The following article comes from Tedd Underwood-Webb, Head of English at The Elms School.
I recently enjoyed a robust catch-up with a colleague over a Nescafe Gold in the staff room, comparing examination options, in which we referenced 1980s football cliches, pop song lyrics, Shakespeare quotations and Oppenheimer’s morals. Using a common language of cultural refences, we shared our hopes, misgivings and predictions about an important upcoming change. Our thoughts were not exactly straight forward but the way that we managed to accurately communicate was by trading mutually agreed cultural reference points, both classic and contemporary: our Cultural Capital.
Cultural Capital is an individual’s bank of cultural knowledge, experiences and awareness. It helps us to understand ourselves and others. There is no definitive table of contents, and what applies to one person may not necessarily apply to another; a globalised, post-Internet Of Things world has cast us adrift on a seemingly limitless ocean of content, histories and opinions. It is complicated and the bad news is that things are not going to get any simpler as the likelihood of a shared experience diminishes as cultural options become increasingly diverse. So how do we approach this concept in schools? Does it even have a place?
The answer is yes. I am not the only one who has watched with growing dismay as the National Curriculum in England and Wales has become ever more proscriptive and examination focussed. It is a simple truth that children taught through the myopic lenses of decontextualised extracts and inflexible rubrics lack a way to approach more challenging material, concepts and tasks as they grow older.
Let me give you an example: a friend of mine sat down with her A-Level English Lit class to discuss The Wife of Bath’s Tale by Chaucer. After a brief starter activity, this loquacious, intelligent and eager class of bright young things was a little flat. She probed further and it came to light that none of them really knew any Bible stories. As a result, they were struggling to understand what was going on.
“Well, never mind,” I hear you say. “Interminably long poems written in Middle English are not exactly common coffee table chat these days.”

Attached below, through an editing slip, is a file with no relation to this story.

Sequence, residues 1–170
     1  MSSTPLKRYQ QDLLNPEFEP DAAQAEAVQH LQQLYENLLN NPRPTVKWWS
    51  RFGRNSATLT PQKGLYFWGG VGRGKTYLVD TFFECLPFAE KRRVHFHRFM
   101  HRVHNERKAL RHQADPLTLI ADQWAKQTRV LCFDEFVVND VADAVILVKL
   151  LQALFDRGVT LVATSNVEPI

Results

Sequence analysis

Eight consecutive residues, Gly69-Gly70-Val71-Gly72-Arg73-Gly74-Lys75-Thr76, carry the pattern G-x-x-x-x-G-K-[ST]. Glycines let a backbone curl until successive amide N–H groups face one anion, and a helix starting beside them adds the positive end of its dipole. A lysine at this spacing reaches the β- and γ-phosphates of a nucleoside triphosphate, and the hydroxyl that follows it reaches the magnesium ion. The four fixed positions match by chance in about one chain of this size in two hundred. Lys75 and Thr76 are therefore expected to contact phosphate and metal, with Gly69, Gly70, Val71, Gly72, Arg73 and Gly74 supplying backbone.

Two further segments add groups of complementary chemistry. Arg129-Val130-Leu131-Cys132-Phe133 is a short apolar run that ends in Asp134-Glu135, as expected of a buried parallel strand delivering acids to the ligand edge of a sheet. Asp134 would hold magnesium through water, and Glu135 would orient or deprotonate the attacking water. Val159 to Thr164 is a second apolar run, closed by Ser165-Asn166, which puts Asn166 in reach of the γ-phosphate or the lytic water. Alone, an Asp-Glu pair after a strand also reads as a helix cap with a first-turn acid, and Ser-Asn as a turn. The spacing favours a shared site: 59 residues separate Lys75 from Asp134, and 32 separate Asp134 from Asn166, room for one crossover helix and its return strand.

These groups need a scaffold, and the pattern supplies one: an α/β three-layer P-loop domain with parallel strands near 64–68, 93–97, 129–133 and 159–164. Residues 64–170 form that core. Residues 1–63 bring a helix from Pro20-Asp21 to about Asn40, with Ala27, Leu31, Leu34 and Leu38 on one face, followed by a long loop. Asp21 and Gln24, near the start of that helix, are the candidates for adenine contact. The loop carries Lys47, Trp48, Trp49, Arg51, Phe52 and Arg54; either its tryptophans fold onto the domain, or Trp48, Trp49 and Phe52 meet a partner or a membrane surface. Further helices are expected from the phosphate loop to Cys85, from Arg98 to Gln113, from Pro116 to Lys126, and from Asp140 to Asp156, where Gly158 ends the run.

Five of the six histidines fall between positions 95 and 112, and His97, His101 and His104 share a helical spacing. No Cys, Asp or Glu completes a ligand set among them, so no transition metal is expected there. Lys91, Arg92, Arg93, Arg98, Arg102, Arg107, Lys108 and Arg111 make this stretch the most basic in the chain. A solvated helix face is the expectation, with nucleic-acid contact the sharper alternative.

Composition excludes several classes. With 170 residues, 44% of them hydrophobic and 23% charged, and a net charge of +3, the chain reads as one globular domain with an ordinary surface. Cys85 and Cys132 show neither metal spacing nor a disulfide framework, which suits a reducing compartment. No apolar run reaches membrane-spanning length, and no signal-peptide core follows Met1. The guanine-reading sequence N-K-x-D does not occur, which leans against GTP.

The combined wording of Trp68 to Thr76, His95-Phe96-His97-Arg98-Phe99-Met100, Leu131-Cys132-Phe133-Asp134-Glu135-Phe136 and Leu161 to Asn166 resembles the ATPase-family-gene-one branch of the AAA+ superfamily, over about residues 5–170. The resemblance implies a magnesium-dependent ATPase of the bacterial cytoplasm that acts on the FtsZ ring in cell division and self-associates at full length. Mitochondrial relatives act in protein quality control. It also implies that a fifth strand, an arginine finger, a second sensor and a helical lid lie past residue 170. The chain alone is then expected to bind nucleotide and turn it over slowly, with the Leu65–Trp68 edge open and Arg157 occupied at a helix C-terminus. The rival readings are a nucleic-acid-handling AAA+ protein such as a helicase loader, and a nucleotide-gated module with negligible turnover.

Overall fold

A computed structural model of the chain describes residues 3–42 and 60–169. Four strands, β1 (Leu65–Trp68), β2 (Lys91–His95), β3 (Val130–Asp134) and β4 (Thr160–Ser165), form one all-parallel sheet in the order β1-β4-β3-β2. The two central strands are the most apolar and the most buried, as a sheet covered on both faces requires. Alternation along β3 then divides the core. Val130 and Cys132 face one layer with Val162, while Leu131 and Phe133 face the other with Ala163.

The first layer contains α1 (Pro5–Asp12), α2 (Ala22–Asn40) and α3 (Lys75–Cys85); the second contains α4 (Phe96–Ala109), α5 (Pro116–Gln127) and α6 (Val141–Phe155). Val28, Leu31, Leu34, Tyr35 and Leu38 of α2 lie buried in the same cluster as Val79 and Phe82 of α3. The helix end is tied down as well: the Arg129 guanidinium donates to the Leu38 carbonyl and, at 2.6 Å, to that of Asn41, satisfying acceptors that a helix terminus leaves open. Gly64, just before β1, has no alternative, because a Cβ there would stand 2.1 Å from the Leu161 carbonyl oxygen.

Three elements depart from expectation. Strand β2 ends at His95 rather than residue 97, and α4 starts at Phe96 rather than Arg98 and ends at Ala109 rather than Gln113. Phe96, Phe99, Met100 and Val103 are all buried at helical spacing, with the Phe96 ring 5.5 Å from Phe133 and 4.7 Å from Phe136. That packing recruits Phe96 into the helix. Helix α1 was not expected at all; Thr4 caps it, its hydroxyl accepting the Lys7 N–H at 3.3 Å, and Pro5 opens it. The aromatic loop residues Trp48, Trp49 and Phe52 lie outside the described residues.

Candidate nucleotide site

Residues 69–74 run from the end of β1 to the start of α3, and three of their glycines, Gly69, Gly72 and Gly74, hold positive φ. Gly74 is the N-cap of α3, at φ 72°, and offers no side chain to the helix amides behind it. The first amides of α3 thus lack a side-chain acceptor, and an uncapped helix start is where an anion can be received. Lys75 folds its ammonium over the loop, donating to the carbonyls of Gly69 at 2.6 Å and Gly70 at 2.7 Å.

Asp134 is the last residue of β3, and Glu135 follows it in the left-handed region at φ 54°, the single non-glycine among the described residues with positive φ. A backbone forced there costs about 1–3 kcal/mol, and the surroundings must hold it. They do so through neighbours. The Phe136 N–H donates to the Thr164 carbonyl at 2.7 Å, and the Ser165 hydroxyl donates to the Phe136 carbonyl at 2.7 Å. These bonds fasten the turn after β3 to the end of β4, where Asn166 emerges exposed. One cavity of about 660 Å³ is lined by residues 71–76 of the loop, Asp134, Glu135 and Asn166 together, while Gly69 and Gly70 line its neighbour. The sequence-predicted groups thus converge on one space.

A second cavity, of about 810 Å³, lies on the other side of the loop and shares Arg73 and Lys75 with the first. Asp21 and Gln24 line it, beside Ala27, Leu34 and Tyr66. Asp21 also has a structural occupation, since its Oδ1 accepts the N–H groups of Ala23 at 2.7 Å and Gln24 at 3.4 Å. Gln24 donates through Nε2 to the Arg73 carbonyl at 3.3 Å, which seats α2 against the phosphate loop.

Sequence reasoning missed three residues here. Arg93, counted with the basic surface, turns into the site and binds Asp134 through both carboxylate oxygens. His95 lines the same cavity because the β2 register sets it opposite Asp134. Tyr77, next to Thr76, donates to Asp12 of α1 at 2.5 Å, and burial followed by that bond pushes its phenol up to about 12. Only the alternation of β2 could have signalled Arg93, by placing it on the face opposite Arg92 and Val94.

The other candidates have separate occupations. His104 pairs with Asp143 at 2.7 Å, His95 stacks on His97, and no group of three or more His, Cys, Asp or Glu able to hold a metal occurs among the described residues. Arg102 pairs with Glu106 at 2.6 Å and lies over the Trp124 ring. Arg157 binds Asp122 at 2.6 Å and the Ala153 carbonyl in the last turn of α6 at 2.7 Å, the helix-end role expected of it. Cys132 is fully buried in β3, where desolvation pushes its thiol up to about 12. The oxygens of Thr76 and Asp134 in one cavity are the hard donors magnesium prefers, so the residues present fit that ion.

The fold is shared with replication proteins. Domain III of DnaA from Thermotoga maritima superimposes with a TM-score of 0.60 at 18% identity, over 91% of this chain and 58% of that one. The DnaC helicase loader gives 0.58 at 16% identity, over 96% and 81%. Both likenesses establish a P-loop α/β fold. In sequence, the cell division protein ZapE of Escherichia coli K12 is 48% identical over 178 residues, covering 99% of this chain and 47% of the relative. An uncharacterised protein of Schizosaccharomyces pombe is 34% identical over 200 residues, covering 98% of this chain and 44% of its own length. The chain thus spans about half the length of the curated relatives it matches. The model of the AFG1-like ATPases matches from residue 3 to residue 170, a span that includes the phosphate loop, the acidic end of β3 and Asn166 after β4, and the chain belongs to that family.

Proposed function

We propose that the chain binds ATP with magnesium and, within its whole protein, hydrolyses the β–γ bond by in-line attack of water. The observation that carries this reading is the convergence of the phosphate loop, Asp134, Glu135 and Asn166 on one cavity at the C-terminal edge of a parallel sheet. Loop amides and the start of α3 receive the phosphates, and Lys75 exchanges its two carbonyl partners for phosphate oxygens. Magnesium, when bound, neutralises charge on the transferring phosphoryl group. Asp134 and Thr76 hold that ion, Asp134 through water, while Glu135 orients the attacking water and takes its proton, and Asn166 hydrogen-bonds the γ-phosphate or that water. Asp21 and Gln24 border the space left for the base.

But let’s dig a little deeper. If you do not have a grasp upon the Bible then it is hard to make sense of a large slice of global history: why certain events occurred in a certain way or, for that matter, at all. Struggle to understand the history of Planet Earth and your grip on its politics becomes shaky. You cannot fully understand why things are as they are: why some schools in America still refuse to teach Darwinism; why speakers of minority languages in Europe are so passionate about their survival; why Israel’s relationship with other Middle East countries continues to be so fractious. It all connects. It is all culture.
You might argue that these issues can be just as well understood, or even better, with knowledge of The Quran or The Torah: I completely agree. It is not the content which matters; it is the fact that culture is being taught at all which is important. Somewhere along the line it will help us to understand the world in which we find ourselves and the people we encounter.
So, how do we teach culture? How do we provide cultural experiences on which our students can build? I am not going to produce a definitive list; there are other poor, unfortunate souls who have tried to do that and got into a terrible muddle. However, we can use Cultural Capital to produce humans who are communicative, critical and compassionate. Here are three broadly useful starting points:
1. Breadth Not Depth
Teaching English leaves me a lot of space to select a wide range of texts and to play to the strengths of the children in front of me. True: the curriculum should contain a healthy serving of time-honoured canonical works, but also poetry, drama and prose from diverse cultures, genders and time periods. It is important that as well as children seeing themselves in literature, they see others too. A variety of contextualised genres, locations and protagonists allows children to explore their own identity, and those of others, across a rich and colourful landscape.
2. Challenge and Encourage Thinking
I am passionate about the children in my care thinking critically and openly. A colleague and I run a thriving Debate Club where we encourage children to research, consider and express their views on previously unknown topics. Then we ask them to consider those views from a totally different angle. In this safe and happy space, the children begin to piece together the wider world around them and appreciate that there is very little that is straightforward or unambiguous. It is a joy to behold and sound investment in these children’s intellectual resources.
3. Be More Kind
Finally, if we have an opportunity to nurture empathy and kindness then we must grasp it with both hands. Picasso’s Guernica or Barber’s Adagio for Strings can help us to understand that culture can arise from a place of pain, suffering or persecution. Our phones can remember how we like our latte; Amazon restocks our fridges and Chat GPT will write all our blogs for us: that is all coming in the very near future, if not right now. What technology cannot do for us is understand, empathise and communicate with each other on the level that only one human can to another. We inhabit an increasingly busy, distant and digitalised world but the truth remains: we all need to take very good care of one another. Cultural Capital is an investment in a kinder and more connected future, not a treasure hoard of the past.